We decided on a simple walk up Middle Prong Trail, but it turned out to be much more than that! When we crossed the large bridge spanning Lynn Camp Prong at the beginning of the trail, I wondered aloud where the side trail that branches off along Thunderhead Prong might go. Sharon said there was an old metal bridge up there, and I got probably a little too excited! I am beginning to love finding treasures that are a bit off the beaten path in my beloved Smokies. The wide, pleasant trail that I had always thought was just a fisherman's path must get a good bit of foot traffic at least until the bridge. It ambles up through the woods flanked by large rhododendron bushes and within earshot of the babbling of Thunderhead Prong.
Within probably a third of a mile from the Middle Prong trailhead, the bridge makes its appearance as the trail makes a hard right turn to cross the creek. What stands before the unsuspecting hiker is a bridge unlike anything else I have ever seen in these mountains! This single-file metal bridge has steel cables and metal posts for handrails. Although it at first reminds you of a swinging bridge, this structure is extremely sturdy as it crosses over old stone buttresses. There did appear to be one welded connection about midway across, which gave me just a second's pause, but this bridge isn't going anywhere anytime soon.
The bridge is even prettier looking back on it from the opposite side once you have crossed over it. The path continues on past the bridge, but we did not walk up it except for just a few feet. Apparently this old, unmaintained manway makes its way up around Defeat Ridge, and on up to Thunderhead Mountain. When I learned this while doing some research after returning home, I was instantly curious about Defeat Ridge, how it got its name, and the history of this path. Hiking in this area is an off-trail adventure that may be beyond me, but there are folks who have been up there and know of the secrets that part of the park still holds. Maybe someday I will explore some of that region--it intrigues me, that's for sure!
Making our way back to the trail we had come to hike, we took time to photograph the beautiful Rosebay Rhododendron blooms which adorned our path.
Once we returned back to Middle Prong trail, we began the delightful walk along Lynn Camp Prong. I found myself watching the water, looking for the sleek shadow that might be a brook trout waiting for its next meal within view of the trail above. I have hiked this trail many times and fished it a couple of times since the park service has reopened it. This stretch of water has been home to the Brook Trout Restoration Program which required the creeks involved be closed to fishing while the rainbow trout were removed and self-sustaining brook trout populations established as they had existed before the introduction of the non-native rainbow many years ago. They may have seen me because I never did see any of them.
The agenda for this day though, was simply an easy meandering up the trail, appreciating the scenery and enjoying the company of new friends. I must say, it was relaxing to just walk up the trail, taking time to look at the massive rock walls which line the trail in some places, or stopping to appreciate the numerous cascades abundantly scattered up Lynn Camp Prong. Map marking has become an all-encompassing obsession, but this hike was enjoyable simply because we were not worried about keeping a certain pace or going great distances. The cares of the world could melt away and be forgotten in the rapids and runs, bubbles and babbles of the creek beside the trail.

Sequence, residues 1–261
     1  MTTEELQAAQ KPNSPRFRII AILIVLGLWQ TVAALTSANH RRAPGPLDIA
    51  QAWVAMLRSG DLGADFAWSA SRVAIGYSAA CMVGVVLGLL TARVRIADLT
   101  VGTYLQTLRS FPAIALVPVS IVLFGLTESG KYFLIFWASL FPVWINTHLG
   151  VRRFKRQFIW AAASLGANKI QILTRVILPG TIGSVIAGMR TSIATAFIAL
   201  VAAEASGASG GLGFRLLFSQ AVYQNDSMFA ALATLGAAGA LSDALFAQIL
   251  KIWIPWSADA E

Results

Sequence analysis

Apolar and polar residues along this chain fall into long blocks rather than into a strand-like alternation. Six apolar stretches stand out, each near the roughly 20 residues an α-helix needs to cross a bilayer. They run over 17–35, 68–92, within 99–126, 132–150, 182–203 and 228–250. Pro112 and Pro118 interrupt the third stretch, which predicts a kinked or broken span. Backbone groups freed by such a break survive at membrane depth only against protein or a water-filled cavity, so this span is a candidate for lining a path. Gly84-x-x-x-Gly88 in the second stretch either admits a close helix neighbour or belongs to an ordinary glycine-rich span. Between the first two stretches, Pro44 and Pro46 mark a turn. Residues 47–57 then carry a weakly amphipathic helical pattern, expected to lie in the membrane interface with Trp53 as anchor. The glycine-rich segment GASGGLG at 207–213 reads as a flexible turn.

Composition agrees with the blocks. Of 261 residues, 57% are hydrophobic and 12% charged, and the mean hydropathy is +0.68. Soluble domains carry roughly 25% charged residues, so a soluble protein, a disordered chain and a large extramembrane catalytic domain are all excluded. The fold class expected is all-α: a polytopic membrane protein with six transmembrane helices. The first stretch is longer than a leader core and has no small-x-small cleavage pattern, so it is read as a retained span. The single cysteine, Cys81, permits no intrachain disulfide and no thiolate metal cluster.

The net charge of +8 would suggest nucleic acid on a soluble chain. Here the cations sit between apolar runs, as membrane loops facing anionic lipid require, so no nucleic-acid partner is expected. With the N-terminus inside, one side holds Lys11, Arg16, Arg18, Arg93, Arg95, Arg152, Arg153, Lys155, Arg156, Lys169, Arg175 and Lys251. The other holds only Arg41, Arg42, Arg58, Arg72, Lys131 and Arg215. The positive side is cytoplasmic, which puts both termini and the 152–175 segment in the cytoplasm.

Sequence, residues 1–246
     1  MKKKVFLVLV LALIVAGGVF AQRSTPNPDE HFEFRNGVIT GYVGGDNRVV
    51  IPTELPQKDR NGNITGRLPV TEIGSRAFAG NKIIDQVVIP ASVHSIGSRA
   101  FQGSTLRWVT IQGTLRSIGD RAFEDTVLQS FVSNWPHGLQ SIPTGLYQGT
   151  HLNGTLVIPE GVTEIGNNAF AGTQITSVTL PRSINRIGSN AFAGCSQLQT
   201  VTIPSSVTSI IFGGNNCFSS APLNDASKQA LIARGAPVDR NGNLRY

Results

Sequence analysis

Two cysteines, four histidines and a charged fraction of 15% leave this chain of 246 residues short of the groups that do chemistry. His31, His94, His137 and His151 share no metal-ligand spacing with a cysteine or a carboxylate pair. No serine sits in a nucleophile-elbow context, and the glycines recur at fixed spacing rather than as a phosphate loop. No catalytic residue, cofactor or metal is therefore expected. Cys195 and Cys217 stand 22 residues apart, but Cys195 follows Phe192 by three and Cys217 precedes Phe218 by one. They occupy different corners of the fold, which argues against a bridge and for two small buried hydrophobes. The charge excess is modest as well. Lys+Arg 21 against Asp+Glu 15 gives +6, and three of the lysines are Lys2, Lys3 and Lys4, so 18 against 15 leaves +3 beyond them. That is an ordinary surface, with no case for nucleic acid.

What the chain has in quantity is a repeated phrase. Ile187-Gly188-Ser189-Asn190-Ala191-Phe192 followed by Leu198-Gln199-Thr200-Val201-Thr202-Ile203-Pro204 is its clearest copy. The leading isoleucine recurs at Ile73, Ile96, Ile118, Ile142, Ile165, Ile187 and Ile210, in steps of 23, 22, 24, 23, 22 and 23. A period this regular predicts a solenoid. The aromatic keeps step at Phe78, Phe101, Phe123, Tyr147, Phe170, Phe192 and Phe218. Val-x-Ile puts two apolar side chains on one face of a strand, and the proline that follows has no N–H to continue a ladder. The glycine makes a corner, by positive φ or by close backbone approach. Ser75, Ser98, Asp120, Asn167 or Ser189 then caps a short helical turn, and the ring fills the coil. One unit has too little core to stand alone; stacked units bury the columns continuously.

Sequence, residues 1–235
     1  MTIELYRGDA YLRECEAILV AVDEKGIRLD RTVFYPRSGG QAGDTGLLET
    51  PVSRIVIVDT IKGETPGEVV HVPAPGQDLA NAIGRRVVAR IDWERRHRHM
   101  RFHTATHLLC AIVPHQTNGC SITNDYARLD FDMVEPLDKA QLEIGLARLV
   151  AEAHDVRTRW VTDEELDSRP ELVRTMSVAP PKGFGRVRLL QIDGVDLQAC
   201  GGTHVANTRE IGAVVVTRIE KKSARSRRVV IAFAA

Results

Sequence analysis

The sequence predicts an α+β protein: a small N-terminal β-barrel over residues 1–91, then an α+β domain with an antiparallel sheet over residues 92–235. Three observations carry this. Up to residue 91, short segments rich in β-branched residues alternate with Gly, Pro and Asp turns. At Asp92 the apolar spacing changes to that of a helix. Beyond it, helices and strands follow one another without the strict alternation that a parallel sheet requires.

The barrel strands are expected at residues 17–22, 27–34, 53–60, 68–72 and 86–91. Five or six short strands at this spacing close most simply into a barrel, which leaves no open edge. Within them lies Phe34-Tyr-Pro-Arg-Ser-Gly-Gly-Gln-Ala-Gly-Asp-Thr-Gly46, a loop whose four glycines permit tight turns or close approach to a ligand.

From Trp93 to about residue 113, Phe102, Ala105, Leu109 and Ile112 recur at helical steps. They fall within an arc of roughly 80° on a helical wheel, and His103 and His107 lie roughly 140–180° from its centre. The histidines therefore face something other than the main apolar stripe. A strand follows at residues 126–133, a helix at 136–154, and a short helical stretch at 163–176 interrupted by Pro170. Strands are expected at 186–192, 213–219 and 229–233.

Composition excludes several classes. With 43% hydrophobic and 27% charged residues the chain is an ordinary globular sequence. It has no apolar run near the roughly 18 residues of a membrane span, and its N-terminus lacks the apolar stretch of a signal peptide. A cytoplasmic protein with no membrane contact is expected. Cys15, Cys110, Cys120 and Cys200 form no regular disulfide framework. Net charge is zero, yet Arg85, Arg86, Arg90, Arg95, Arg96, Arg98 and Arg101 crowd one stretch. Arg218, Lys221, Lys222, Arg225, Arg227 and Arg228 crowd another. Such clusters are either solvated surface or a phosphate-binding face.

In an effort to regain normalcy in her life amidst tragedy, Sharon has set a goal for herself and on this walk we would attain the first accomplishment toward that goal. She is using a book written by Johnny Malloy titled Hiking Waterfalls in East Tennessee: A Guide to the State's Best Waterfall Hikes which lists 100 of the most scenic waterfalls in our state. Some of them are in our cherished Smoky Mountains, and she checked off this first one on our hike. I was pleased to be there with her when she took this first step toward her new goal.
I do think it's a pretty cool coincidence that when I was looking for the story behind the name of Defeat Ridge I found my answer in a book also written by Johnny Malloy almost 20 years ago. According to Mr. Malloy in Trial by Trail: Backpacking in the Smoky Mountains , a vote had been taken in the 1830s to determine where a pass across the mountains would be built. Bote Mountain was chosen. Because the Cherokee Indians who were enlisted to help build the road had no "v" in their language, the name became Bote Mountain. The ridge that was defeated in that vote henceforth became known as Defeat Ridge. I just found this in an online excerpt from Mr. Malloy's book, but it is going on my reading list, that's for sure!
Besides the impressive waterfall listed in Mr. Malloy's newest book, there are other equally beautiful falls along this trail. We only walked up to the intersection with Panther Creek Trail, but many gorgeous cascades entertained us along the way. When you do this trail, make sure to take the time to step off the main trail on each of the little paths down to the river. You will be delighted at what you find!
There are other hidden gems along this trail, remnants from days gone by, accessed by footpaths off to the right on your way toward Panther Creek, but we chose not to venture that deep into the woods on this summer day. Also, if you go further up the trail, a tad over 4 miles from the trailhead, you will find Indian Flat Falls, another of my favorite spots. But those were not our destinations on this day. There's always more to see in this park and reasons to return time after time. And that's exactly what I plan to do--return, time after time!